What is the Key to Lean's Long-Term Success?

I recently had the opportunity to speak with both Bill Baker and Ken Rolfes about their new book, Lean for the Long Term: Sustainment is a Myth, Transformation is Reality. During our conversation, I asked them: "Why did you write this book? What was unique about your experiences?" Here are their complete separate responses:

William (Bill) Baker: When Ken and I began this book, we found we had been in different industries during the past 40 years, but we had witnessed similar transformations that had started strong with management commitment, but when the low-hanging fruit had been harvested and/or a new executive was hired, the transformation was derailed and lost its momentum. It seemed many times lean was viewed as a “project” executed by a manufacturing manager or continuous improvement leader, but it did not have full-time support by upper management. So we researched organizations that have been on the Lean transformation journey for 30 to35 years to discover their approach to share in Lean for the Long Term: Sustainment is a Myth, Transformation is Reality.

Ken Rolfes: Having been an early adopter of the Toyota Production System methodologies we call "Lean," I have had the opportunity to benefit from Lean strategies in multiple industries and companies. I have seen businesses transform with Lean and then lose it. We wanted to understand why so many Lean initiatives start off strong, plateau, and then recede as well as how can that be prevented. What we found is the Lean transformations that fail to last were not transformations after all. They were high-energy attempts to rally the organization to action, and when the energy is spent, so goes the transformation effort. A Lean transformation is, in reality, a different management system. Lean for the Long Term challenges our organization and management system models.

Business transformation is currently on most CEOs' agenda, and General Electric (GE) is only one example. GE’s announcement in April that it plans to sell off most of its big finance unit, GE Capital, represents one of a number of moves in the transformation of the company under the CEO Jeffrey Immelt. Mr. Immelt described it as a lengthy and often humbling corporate journey recognizing that GE’s real strength lies in industrial engineering rather than financial engineering.

A few years ago, when he was speaking at Stanford Business School about following Jack Welsh after his tenure at GE, he stated “The trick, if you follow someone famous, is that you’ve got to drive change every day without ever pretending anything was ever wrong,” This is the premise of the Lean management system described in Lean for the Long Term. Most are familiar that core idea of Lean is to maximize customer value, but many lean practitioners are hung up in their current business model and structured organizations that are compartmentalized, departmentalized and driven by MBO (management by objective) goals.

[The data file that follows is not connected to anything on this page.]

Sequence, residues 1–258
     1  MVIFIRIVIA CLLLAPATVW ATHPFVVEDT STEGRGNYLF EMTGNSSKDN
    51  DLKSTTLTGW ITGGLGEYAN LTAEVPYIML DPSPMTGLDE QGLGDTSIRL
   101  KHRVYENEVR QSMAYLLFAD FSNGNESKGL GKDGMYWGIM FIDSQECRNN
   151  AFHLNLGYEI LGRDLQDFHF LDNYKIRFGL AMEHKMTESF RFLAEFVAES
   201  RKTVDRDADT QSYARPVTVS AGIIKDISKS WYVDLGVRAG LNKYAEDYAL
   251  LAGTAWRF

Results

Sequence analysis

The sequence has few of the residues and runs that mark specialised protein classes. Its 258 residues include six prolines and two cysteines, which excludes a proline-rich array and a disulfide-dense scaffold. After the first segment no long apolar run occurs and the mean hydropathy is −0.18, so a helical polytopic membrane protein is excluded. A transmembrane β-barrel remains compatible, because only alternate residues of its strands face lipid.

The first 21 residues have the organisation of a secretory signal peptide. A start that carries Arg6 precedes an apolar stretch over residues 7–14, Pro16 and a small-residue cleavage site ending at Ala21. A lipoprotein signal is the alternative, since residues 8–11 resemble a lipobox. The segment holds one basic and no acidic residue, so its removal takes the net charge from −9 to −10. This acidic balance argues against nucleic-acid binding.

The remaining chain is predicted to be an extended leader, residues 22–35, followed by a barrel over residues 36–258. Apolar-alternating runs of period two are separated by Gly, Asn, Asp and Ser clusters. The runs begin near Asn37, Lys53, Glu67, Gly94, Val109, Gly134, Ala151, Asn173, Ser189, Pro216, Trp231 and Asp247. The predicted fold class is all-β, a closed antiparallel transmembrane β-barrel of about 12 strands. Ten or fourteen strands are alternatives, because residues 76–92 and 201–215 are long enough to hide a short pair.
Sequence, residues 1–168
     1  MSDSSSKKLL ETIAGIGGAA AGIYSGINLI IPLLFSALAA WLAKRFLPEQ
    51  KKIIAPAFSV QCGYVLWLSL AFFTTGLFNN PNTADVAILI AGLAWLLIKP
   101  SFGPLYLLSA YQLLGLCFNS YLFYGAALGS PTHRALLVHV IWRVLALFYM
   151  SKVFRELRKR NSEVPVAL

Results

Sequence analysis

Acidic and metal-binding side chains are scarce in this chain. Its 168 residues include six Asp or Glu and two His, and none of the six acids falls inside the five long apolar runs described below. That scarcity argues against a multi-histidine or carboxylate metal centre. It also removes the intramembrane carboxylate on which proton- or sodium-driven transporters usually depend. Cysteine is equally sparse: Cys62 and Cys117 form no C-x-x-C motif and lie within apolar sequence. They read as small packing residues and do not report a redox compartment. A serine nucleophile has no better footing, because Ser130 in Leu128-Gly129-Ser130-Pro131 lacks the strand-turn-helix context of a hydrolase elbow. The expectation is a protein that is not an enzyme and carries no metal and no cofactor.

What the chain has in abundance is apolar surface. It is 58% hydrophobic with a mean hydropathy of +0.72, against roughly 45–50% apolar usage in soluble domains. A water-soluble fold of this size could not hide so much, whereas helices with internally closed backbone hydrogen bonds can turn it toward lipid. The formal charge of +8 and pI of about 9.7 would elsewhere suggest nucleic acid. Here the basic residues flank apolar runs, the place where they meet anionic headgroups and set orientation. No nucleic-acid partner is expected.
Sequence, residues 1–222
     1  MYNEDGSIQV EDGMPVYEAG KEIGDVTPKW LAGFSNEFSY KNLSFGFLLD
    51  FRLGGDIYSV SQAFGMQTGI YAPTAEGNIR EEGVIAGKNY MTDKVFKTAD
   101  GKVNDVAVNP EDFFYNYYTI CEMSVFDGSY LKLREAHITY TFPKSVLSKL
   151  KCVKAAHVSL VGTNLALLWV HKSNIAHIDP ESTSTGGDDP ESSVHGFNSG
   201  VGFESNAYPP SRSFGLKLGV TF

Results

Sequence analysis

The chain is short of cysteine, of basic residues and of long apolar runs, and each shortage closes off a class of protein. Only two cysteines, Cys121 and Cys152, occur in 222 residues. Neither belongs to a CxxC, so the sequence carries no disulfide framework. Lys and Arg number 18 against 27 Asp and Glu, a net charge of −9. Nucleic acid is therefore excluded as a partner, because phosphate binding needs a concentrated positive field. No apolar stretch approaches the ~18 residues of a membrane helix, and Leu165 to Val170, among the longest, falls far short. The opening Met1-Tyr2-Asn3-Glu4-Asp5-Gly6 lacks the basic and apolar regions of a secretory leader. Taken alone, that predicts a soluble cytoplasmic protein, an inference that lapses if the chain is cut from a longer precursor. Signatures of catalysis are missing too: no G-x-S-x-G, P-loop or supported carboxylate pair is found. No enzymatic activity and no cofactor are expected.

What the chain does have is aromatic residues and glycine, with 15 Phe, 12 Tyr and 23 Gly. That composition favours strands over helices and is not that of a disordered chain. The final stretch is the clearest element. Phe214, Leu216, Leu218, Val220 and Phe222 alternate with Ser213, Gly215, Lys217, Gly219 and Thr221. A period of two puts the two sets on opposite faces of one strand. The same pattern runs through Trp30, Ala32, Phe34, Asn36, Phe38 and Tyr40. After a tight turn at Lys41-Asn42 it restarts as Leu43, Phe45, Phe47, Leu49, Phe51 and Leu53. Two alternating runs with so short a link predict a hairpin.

The structure and isolation from the customer will not work in the unprecedented trends in sheer number, speed, and intensity of today’s business transformation activity. The need for business transformation may be caused by external changes in the market such as an organization’s products or services being out of date, changing income streams, new regulations, and/or competition becoming more intense. Organizations need the flexibly and responsiveness required to drive business model transformation which a Lean management system is designed to deliver.

To accomplish this, management must change the focus from optimizing separate technologies, assets, and vertical departments to optimizing the flow of products and services through entire value streams that flow horizontally across technologies, assets, and departments to customers. The Lean management system described in Lean for the Long Term describes that system and gives examples how it applies in every business and every process and the line of sight management process required from the front-line operations to the board of directors. The application of the principles described in our book can make any business more effective and profitable. At the end, this can benefit all of us – owners, managers, employees, and communities. 

So many companies have experienced the Lean initiative "plateau" -- the beginning of the initiative is strong but it soon loses direction and energy. In your experience, what is the cause of this situation? Do you agree with Bill and Ken's perspectives?